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Over 50 of the Best Venison Recipes

Venison is such versatile and healthy meat. It’s much leaner than beef and is a great alternative for red meat in any recipe. I’ve gathered 50 of the best venison recipes to inspire you to use this delicious meat. 

Historically, “venison” meant any wild game meats, today it’s used mainly to mean the meat from antlered animals such as deer, elk, caribou and moose. It’s important to know that the meat from each of these animals will taste a little different, even though it’s all called venison.

venison stew in a red dutch oven on table

Where to get venison

Hunting season for deer (and other antlered animals) is the late fall and winter. Each state has it’s own regulations for hunting, so before you go out and try to get your own deer (even on your own property) make sure you’re aware of and are following your state laws. 

If you’re not a hunting family but know others who are, let them know that you’d be willing to take any extra venison off their hands. Sometimes hunters need to thin the deer population on their property and need to harvest more than their family needs. It’s a blessing to them when someone is willing to take the meat.

In some states, it’s possible to purchase venison from specialty butcher shops and online but most don’t allow the commercial sale venison. While Texas doesn’t allow the sale of whitetail deer meat, it does allow the sale of non-native venison that has been ranch raised.

venison jerky pieces on wooden cutting board

Tips for Cooking Venison

As a general rule, venison is much leaner than beef and there are a few things to know if you’re not experienced cooking venison. 

  • Remove all visible fat. Much of the gamey flavor in venison is in the fat, so removing the fat will give you more mild flavor. If your making something that needs more fat, like venison sausage, add pork fat to the mix.
  • Don’t overcook or cook at temperatures above 375 F. The short fibers in wild game meat will get tough. Venison is best served medium-rare with an internal temperature of about 135 degree Fahrenheit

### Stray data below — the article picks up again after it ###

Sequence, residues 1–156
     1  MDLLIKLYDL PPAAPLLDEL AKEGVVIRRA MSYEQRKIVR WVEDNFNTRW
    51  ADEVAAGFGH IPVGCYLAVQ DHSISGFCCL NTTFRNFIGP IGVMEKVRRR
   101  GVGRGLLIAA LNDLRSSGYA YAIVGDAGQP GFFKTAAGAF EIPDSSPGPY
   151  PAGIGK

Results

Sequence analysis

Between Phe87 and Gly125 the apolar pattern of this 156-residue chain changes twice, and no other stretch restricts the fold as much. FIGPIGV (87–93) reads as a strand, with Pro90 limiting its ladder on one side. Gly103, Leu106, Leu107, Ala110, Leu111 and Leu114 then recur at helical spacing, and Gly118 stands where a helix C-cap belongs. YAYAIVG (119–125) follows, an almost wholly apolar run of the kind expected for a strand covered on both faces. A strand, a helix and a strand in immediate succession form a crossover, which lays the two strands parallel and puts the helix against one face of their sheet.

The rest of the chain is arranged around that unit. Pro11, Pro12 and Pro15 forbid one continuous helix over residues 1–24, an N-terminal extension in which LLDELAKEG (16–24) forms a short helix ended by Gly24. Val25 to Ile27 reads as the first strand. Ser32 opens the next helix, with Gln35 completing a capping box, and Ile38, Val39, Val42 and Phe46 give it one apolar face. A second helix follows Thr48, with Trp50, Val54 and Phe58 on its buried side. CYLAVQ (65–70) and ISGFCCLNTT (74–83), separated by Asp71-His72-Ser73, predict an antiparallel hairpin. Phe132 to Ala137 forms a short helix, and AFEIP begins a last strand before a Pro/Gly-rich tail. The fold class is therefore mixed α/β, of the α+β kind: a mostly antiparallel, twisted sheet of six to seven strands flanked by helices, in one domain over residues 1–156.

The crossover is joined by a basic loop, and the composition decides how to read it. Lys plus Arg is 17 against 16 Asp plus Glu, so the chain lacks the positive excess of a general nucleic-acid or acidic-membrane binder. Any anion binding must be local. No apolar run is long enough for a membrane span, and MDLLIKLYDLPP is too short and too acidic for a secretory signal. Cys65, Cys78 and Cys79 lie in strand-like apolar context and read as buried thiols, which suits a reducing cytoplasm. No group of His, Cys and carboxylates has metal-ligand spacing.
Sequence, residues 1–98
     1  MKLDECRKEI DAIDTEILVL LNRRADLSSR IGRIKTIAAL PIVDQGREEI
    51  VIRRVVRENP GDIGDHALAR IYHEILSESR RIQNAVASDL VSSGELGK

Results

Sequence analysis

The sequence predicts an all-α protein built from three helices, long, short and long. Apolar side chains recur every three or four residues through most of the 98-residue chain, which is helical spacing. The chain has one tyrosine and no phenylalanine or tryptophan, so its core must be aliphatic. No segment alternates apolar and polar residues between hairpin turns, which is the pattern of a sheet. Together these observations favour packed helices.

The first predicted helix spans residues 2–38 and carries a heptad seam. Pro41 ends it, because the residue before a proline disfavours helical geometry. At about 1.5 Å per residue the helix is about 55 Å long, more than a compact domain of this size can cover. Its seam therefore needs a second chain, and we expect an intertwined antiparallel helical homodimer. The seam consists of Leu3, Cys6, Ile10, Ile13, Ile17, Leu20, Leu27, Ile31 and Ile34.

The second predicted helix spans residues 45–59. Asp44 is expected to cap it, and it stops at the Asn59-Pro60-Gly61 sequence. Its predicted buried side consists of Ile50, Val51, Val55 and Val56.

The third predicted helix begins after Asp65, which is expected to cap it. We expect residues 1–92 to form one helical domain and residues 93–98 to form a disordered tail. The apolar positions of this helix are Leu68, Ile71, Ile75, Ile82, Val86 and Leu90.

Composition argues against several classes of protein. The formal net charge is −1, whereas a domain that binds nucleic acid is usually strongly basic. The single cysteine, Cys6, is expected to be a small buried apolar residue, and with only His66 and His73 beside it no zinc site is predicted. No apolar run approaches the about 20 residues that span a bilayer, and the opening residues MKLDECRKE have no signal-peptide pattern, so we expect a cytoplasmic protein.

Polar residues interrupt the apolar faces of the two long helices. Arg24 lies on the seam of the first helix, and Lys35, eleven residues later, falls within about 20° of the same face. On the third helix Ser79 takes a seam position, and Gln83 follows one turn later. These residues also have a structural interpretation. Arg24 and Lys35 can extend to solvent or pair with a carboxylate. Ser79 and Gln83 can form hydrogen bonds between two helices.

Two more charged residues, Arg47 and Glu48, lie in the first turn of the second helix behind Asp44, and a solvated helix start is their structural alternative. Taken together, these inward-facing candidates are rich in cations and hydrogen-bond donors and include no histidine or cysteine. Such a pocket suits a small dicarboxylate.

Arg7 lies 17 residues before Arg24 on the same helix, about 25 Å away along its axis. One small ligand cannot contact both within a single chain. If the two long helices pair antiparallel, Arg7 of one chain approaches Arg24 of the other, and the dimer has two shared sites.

• Bring the meat to room temperature before cooking.
  • Oil the meat not the pan. Brush meat with oil before putting it in the pan. 
  • Baste very lean cuts with fat while cooking. Covering with bacon strips acts a a self-baster. 
  • When stir-frying, keep the meat moving to avoid overcooking.
  • After cooking let venison rest for 15 minutes to let the juices disperse evenly. Be sure to cover the meat while it rests.
  • Canning is a great way to preserve venison because the meat turns out super tender once cooked under pressure. There’s a whole chapter on canning wild game in my book, Pressure Canning for Beginners and Beyond.

Delicious Venison Recipes

There are so many different ways of cooking venison! You'll love these delicious easy venison recipes for ground venison, venison backstrap, venison steak and much more!

Venison Preserving Recipes

Freezing isn't the only way to preserve venison. Venison is fantastic when canned and dried as jerky.

Venison Backstrap and Tenderloin Recipes

Venison backstrap is super versatile; it can be grilled, wrapped in bacon, or even cooked in a skillet on the stovetop.

Venison Roast and Steak Recipes

Slow cooker venison roast or on the grill you can't go wrong with venison roasts and steaks. 

Venison Stew Recipes

Venison is most tender when it's cooked low and slow, which makes it a great stew addition. Just add a loaf of crusty bread and you'll have a classic comfort food for cold nights.

Ground Venison Recipes

Ground venison is super versatile, you can make anything from tasty burgers to delicious stroganoff with it.

What is your favorite way to prepare venison?

collage of venison steak, canned venison, venison stew, and venison jerky

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